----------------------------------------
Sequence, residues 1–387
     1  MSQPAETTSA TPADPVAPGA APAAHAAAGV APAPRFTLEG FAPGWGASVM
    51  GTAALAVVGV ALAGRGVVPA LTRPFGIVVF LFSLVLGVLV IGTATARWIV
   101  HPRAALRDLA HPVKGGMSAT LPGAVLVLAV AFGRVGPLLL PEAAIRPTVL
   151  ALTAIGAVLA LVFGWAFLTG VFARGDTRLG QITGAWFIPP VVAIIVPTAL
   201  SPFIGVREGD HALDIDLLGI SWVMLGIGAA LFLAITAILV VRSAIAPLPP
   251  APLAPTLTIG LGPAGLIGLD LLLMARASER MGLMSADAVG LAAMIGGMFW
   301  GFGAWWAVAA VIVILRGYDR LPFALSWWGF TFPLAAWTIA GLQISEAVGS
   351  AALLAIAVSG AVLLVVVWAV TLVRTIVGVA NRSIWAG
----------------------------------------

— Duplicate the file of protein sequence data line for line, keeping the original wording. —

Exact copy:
Sequence, residues 1–387
     1  MSQPAETTSA TPADPVAPGA APAAHAAAGV APAPRFTLEG FAPGWGASVM
    51  GTAALAVVGV ALAGRGVVPA LTRPFGIVVF LFSLVLGVLV IGTATARWIV
   101  HPRAALRDLA HPVKGGMSAT LPGAVLVLAV AFGRVGPLLL PEAAIRPTVL
   151  ALTAIGAVLA LVFGWAFLTG VFARGDTRLG QITGAWFIPP VVAIIVPTAL
   201  SPFIGVREGD HALDIDLLGI SWVMLGIGAA LFLAITAILV VRSAIAPLPP
   251  APLAPTLTIG LGPAGLIGLD LLLMARASER MGLMSADAVG LAAMIGGMFW
   301  GFGAWWAVAA VIVILRGYDR LPFALSWWGF TFPLAAWTIA GLQISEAVGS
   351  AALLAIAVSG AVLLVVVWAV TLVRTIVGVA NRSIWAG